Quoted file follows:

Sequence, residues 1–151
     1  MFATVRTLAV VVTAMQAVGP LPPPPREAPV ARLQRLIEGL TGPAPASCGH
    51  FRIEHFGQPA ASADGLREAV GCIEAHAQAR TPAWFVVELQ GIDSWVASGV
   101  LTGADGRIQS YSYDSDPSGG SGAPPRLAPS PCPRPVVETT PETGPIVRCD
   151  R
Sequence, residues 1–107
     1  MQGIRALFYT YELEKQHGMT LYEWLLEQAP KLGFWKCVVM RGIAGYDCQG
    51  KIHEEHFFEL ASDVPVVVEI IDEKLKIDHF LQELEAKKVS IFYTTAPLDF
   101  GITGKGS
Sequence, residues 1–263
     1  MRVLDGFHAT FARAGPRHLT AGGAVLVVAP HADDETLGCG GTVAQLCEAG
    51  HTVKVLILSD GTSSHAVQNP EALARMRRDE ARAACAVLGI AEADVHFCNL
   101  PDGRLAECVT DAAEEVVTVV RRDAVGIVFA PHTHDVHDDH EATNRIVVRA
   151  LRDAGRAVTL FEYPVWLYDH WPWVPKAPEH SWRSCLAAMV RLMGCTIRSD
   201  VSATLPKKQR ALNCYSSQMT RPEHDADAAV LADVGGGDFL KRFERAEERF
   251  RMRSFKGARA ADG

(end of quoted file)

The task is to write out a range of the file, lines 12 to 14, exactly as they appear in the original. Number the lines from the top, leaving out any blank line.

    51  HTVKVLILSD GTSSHAVQNP EALARMRRDE ARAACAVLGI AEADVHFCNL
   101  PDGRLAECVT DAAEEVVTVV RRDAVGIVFA PHTHDVHDDH EATNRIVVRA
   151  LRDAGRAVTL FEYPVWLYDH WPWVPKAPEH SWRSCLAAMV RLMGCTIRSD